Funding for two key emergency preparedness and response programs has declined sharply over the past two decades:

  • The US Centers for Disease Control and Prevention (CDC) is the nation’s lead public health agency and the primary source of funding for state, local, tribal, and territorial health departments. CDC’s annual funding for Public Health Emergency Preparedness (PHEP) programs increased slightly between FY 2021 and FY 2022 from 840 million dollars to 862 million dollarsbut it is down by just over a fifth from FY 2002, or roughly halved when adjusted for inflation.

  • The Hospital Preparedness Program, administered by the Department of Health and Human Services under the Office of the Assistant Secretary for Preparedness and Response, is the primary source of federal funding to help health systems prepare for emergencies. Over the past two decades, it has fallen by nearly two-thirds, adjusted for inflation.

Funding for health promotion, prevention and equity also needs sustained growth

As a nation we spend $4.1 trillion for health care in 2020, but only 5.4 percent of that spending is directed toward public health and prevention. Notably, this share almost doubled last year compared to 2019 – due to short-term funding for the COVID-19 response – but is still woefully short and likely to return to pre-pandemic levels if the historical pattern of increasing funding for public health during an emergency, but neglecting it at other times resumes. Underfunding means that effective public health programs, such as those to prevent suicide, obesity and environmental health threats, reach only a small fraction of states. This long-standing neglect contributes to high rates of chronic disease and persistent health inequalities.

“We must break the pattern of investing in the public health system only during an emergency, which undermines the power of preparedness and prevention. Investing in public health and health equity on an ongoing basis, including in non-emergencies, will save lives and help reduce the economic costs to our nation during and between emergencies,” said Dr. Gracia.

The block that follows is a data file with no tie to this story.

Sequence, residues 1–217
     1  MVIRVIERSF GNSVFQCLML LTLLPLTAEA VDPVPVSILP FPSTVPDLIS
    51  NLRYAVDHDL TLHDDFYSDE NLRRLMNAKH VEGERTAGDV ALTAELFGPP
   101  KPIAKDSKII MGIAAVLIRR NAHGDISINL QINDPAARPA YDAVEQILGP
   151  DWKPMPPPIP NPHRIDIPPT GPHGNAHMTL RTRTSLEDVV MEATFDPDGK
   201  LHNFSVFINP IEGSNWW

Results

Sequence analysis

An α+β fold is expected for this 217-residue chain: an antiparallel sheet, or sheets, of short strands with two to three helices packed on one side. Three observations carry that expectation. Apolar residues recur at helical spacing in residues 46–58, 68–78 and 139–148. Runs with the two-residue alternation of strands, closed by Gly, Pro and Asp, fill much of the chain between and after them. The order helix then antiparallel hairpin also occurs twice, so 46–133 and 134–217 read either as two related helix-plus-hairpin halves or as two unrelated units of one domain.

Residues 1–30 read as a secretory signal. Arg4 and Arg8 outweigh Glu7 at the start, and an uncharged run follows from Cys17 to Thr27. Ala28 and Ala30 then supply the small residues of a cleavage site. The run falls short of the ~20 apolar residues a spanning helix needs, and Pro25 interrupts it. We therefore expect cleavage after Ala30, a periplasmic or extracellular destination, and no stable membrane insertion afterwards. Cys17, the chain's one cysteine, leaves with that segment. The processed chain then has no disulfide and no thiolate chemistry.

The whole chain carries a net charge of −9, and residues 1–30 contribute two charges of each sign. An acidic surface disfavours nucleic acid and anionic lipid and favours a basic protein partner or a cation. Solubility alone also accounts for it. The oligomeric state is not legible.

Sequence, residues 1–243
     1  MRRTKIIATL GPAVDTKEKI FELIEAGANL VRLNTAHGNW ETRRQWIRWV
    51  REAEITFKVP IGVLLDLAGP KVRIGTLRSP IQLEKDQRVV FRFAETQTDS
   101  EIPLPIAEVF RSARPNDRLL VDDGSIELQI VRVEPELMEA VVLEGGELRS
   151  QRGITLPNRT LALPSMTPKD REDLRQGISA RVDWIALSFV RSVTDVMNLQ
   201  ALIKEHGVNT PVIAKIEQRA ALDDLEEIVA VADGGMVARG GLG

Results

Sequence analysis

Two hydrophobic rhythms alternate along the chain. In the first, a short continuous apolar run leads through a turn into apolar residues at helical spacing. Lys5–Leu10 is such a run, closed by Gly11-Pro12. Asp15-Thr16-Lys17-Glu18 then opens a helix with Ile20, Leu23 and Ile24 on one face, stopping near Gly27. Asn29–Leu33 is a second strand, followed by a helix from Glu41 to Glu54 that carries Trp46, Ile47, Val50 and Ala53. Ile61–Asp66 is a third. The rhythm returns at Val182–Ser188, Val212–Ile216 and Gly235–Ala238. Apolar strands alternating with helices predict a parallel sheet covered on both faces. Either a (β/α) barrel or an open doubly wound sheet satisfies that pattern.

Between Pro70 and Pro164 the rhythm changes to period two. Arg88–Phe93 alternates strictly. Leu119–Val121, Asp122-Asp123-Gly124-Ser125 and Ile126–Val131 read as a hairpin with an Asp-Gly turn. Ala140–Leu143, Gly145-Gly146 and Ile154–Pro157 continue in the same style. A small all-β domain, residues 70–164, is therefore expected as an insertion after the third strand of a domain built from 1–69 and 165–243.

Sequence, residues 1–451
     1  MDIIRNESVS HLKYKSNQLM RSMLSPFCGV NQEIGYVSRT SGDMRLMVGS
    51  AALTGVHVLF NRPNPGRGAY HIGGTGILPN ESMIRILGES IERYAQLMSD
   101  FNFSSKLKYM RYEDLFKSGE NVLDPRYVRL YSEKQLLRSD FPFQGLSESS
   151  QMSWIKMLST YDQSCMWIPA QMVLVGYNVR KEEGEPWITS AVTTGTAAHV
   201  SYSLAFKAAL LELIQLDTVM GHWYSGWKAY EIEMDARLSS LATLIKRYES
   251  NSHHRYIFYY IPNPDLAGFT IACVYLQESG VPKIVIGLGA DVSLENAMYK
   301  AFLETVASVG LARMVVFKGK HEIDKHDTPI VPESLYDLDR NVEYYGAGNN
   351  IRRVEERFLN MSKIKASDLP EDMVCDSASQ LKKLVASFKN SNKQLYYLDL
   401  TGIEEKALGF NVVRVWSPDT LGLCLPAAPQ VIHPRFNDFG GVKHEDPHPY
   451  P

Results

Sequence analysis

The impacts of structural racism, poverty, discrimination, and disinvestment must also be addressed through investments in programs that ensure that every community has access to healthy food, safe housing, health care, transportation, education, and employment—all factors that impact impact on people’s health.

Recommendations for policy action

The report calls for policy action by the administration, Congress, and state and local officials in four areas:

Significant increase in core funding to strengthen public health infrastructure and increase the public health workforce, including increasing CDC base funds and modernizing the nation’s public health data and disease surveillance systems.

Invest in the nation’s health security by increasing funding for public health emergency preparedness, including in the health system, improving immunization infrastructure and addressing the impacts of climate change.

Focus on health disparities and their impact on the root causes of disease by targeting the social determinants of health that have an outsized impact on health outcomes.

Protecting and improving health throughout life. Many programs that promote health and prevent the leading causes of disease, disability and death have long been neglected and do not reach all countries or the populations most at risk. Restoring programs that halt chronic disease, support children and families, and prevent substance abuse and suicide must be a top priority.

Read the full report at: https://www.tfah.org/report-details/funding-report-2022/

The Trust for America’s Health is a nonprofit, nonpartisan organization that promotes optimal health for every person and community through policy action and works to make disease and injury prevention a national priority. www.tfah.org.

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SOURCE America’s Health Trust